I fear for a society which is so willing to both promote and engage in an activity which brings so much grief to so many of its people.
I’m angry at the way in which gambling is promoted when people are losing homes, families, jobs, and relationships because of their gambling addictions.
Sure, it’s not compulsory. Nobody makes them gamble. But they do, and it causes incredible pain and destruction in their lives.
The ads on TV that offer help for gambling addicts are vastly outnumbered by the ads for gambling opportunities.
I’m angry at the way gambling is normalised in the minds of our children and young people. I can’t watch a game of football or tennis, or any prime time TV show, without seeing ads for online betting, mobile phone apps for betting, or some kind of lottery. This presents a very clear and dangerous message to our youth: gambling is fun, gambling is fine, and it will solve all your money problems. Obviously, that isn’t true, but it’s hard to demonstrate that to a 13 year old.
I’m angry at the greed of the companies that promote gambling, and are more than happy to take money from those who can’t afford it to further line their already luxuriously-lined pockets.
And I’m angry at the government for allowing this to happen, simply because they make good revenue on the taxes and fees that are paid.
So, no. I won’t be putting a bet on my favourite player or team. I won’t be playing the pokies when I go to a pub or club for dinner. And I will explain the dangers of gambling, and the lies of the advertising that promotes it, to my 13 year old and my students in the hope of keeping them from getting sucked into the vortex of the gambling world.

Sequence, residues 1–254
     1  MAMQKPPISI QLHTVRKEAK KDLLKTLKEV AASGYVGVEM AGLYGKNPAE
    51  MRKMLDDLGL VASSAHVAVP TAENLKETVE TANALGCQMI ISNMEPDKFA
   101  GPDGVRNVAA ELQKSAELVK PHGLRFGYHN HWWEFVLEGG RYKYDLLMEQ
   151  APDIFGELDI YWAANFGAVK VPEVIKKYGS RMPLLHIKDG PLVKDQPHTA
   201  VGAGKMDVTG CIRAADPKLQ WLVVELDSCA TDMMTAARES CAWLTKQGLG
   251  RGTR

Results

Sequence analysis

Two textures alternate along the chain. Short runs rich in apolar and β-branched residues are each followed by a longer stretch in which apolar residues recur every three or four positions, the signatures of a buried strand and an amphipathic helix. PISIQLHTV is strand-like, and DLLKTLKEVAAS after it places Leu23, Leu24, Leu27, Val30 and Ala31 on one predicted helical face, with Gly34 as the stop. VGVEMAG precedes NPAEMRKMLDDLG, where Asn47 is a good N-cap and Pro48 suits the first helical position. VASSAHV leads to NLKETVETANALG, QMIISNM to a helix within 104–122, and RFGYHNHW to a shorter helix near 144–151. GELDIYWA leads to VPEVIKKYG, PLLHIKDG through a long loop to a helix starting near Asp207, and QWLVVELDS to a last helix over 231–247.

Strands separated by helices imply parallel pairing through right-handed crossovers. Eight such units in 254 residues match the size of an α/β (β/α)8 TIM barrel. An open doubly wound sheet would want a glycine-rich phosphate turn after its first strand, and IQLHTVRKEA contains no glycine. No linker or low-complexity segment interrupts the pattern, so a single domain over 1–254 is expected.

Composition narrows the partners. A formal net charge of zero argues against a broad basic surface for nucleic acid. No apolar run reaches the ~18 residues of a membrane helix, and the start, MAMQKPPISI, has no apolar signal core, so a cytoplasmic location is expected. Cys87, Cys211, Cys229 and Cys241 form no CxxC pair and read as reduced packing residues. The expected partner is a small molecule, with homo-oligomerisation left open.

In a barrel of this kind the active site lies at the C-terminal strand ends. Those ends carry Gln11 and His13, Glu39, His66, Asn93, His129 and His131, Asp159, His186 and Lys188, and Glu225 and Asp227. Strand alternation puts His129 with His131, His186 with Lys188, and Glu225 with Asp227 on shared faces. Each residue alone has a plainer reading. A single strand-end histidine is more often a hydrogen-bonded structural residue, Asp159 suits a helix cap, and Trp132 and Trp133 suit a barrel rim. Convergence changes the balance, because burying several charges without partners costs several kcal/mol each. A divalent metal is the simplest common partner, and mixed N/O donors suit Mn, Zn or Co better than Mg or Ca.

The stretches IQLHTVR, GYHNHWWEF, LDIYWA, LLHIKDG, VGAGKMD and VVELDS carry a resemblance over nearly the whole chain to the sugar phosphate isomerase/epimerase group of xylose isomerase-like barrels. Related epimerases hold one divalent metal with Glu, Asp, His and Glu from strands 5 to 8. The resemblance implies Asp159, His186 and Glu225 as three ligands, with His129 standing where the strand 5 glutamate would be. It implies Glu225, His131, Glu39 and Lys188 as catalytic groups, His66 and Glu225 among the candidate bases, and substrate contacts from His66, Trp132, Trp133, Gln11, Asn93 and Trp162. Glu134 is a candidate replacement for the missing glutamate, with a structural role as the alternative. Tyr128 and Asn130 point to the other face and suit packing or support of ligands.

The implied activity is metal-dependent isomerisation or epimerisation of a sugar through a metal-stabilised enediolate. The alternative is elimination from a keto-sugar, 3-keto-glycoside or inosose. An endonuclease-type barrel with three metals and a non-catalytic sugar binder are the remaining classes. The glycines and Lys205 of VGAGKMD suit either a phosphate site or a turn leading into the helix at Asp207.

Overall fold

Occasionally I experience the discomfort of hearing people laugh, or at least smirk, at the town I live in because it’s small, rural, and offers less than the bigger cities.
It’s not surprising that this gets my hackles up.
Our little town of 1800 people has more to offer than most people realise.
We have doctors. We have our own pharmacy, fully stocked hardware store that also sells building supplies and pet supplies, and a newsagent/stationer that also sells lottery tickets, toys and gifts.
We have two boutique gift stores, a clothing store, lawyers and accountants, and a fantastic hairdresser.
We have a large supermarket, two banks, a top notch bakery, a cafe, an Asian dine in/takeaway restaurant, two other places for “fast food”, a real estate agent, a laundromat, and a butcher,
You can buy furniture, flooring, curtains, bedding and upholstery supplies.
There are two places to get fuel or and three where you can get service for your car. There’s a place that sells tools, trailers, and automotive/engineering supplies. You can get your tyres changed and your wheels aligned and balanced at three different places in town.
And that’s not even starting on the number of plumbers, electricians, and other tradies around.
There’s a pub for getting a drink or a good meal, or hosting a party or event in. There are also two rather lovely bed&breakfast establishments.